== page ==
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Streamlined Modules

Shane Brinkman-Davis Delamore edited this page Mar 29, 2018 · 7 revisions
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Three CaffeineScript features come together to dramatically improve working with CommonJs modules:


import &DomBuilder

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88% Reduction In Module-Specific Code

Take the example above. It is trivial, yet it has almost 90% less module-specific code than JavaScript. In larger, more real-world examples, CaffeineScript eliminates even more module-specific code relative to JavaScript or CoffeeScript.

After removing all the non-module-specific code from the example above, CaffeineScript has just 2 tokens. JavaScript has 16!

# CaffeineScript: 2 Tokens
import &DomBuilder
# ...
// JavaScript: 16 Tokens
let {Div, A} = require( 'dom-builder' );
module.exports = // ...

See: Measuring Tokens


The easier something is, the more it'll get used.

Modularization is good. In fact, it is perhaps our strongest tool for managing complexity. I believe encouraging more modularization is a good idea. I make aggressive use of modules, but even I don't do it as much as I should. I often put too much in one module because of the extra friction it takes to create and maintain each new module.

Imagine the scenario where you have a 1000-line module with two classes in it(*), and you want to split it into two files, one for each class. Typically you'll keep one class in the old file and create a new file for the other. Typically, the two files will have similar, but not identical imports, and the same exports pattern. Typically you might copy the imports and exports to the new file. Cut and paste the class definition into the new file, and then update its indentation and possibly some () and {}s. It's a non-trivial amount of work, and it's already wrong. You are importing too much in both cases. Determining which imports are actually needed in each file can be an excruciating process of trial-and-error searching. It's so bad that I often don't bother. However, leaving it unfixed has insidious consequences. Unnecessary "include"s can confuse other people reading the file. Their first assumption is this include is here for a reason. If they think it's important they may go on a wild goose-chase, in some cases wasting hours, only to figure out it isn't important at all.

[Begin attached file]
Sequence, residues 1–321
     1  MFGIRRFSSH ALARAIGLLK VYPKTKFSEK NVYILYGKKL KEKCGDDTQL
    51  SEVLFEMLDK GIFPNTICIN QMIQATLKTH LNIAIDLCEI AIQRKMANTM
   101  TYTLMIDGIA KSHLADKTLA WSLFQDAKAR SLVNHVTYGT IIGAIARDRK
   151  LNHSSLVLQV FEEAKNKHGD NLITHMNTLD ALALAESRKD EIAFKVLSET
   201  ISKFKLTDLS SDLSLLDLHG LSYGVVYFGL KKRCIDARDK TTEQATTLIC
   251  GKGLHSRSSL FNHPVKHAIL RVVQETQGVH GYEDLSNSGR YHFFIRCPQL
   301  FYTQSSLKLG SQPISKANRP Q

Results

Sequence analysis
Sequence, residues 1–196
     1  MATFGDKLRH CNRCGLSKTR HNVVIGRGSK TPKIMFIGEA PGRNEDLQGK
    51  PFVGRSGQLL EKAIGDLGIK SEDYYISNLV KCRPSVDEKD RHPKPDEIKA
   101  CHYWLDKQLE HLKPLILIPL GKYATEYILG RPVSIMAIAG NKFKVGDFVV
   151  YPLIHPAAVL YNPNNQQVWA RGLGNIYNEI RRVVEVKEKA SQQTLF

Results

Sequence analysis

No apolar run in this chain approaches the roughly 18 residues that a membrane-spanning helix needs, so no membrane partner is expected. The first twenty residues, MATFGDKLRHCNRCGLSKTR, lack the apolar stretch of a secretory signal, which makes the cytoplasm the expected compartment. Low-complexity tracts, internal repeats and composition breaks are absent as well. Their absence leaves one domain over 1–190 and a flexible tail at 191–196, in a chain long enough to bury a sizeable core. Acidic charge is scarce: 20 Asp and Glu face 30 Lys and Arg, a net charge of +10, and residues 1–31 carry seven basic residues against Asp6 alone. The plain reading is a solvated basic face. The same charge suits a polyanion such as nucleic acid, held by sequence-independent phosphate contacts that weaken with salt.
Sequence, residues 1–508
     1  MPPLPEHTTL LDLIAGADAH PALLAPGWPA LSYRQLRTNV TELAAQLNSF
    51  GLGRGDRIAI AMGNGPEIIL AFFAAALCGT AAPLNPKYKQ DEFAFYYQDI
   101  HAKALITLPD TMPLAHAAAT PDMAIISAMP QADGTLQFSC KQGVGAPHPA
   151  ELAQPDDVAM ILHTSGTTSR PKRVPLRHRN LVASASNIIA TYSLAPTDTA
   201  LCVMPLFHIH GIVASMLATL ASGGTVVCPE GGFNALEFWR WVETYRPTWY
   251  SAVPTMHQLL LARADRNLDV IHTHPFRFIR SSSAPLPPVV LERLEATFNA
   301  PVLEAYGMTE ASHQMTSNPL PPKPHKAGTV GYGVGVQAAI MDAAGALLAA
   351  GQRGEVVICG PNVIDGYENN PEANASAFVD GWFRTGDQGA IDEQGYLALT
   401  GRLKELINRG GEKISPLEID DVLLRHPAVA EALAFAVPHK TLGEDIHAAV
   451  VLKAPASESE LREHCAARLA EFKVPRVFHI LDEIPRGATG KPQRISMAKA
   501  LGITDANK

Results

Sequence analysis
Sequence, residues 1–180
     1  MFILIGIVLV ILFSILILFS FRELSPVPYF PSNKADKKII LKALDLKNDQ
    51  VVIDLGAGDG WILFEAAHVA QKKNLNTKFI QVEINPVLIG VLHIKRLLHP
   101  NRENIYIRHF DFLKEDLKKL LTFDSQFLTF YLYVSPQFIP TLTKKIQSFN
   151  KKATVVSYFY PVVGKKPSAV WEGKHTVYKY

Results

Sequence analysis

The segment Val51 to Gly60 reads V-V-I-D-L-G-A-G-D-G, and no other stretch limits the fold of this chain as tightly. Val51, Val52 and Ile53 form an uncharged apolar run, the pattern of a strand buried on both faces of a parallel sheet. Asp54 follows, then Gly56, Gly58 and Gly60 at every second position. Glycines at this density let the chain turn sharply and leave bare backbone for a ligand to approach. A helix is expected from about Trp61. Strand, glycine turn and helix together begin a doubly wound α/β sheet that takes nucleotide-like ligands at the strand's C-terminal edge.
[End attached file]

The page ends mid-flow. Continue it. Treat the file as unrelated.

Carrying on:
Excessive imports have another problem. Project-wide-search and dependency analysis tools are much less helpful, when it seems like there are more dependencies on an import than there actually are.

The other major problem is duplicate imports violate DRY (Don't Repeat Yourself). If you need to refactor the libraries, you may need to update all the imports using those libraries. Worse, if you didn't clean up your imports, you may break files that aren't actually dependent on the changed library.

CaffeineScript's smart import, smart require and auto export eliminate 99% of these problems. There is still limited code duplication since each file still needs to list what libraries to import, but imports are much more resilient against breakage due to changes in those libraries. Further, refactoring (e.g. splitting) a class into its own module involves no more than one line of copied code, the imports, and a simple cut-copy-paste-deindent of the class.

(*) Usually there should only be one class per file. Classes are effectively modules, and putting them in separate files promotes code reuse.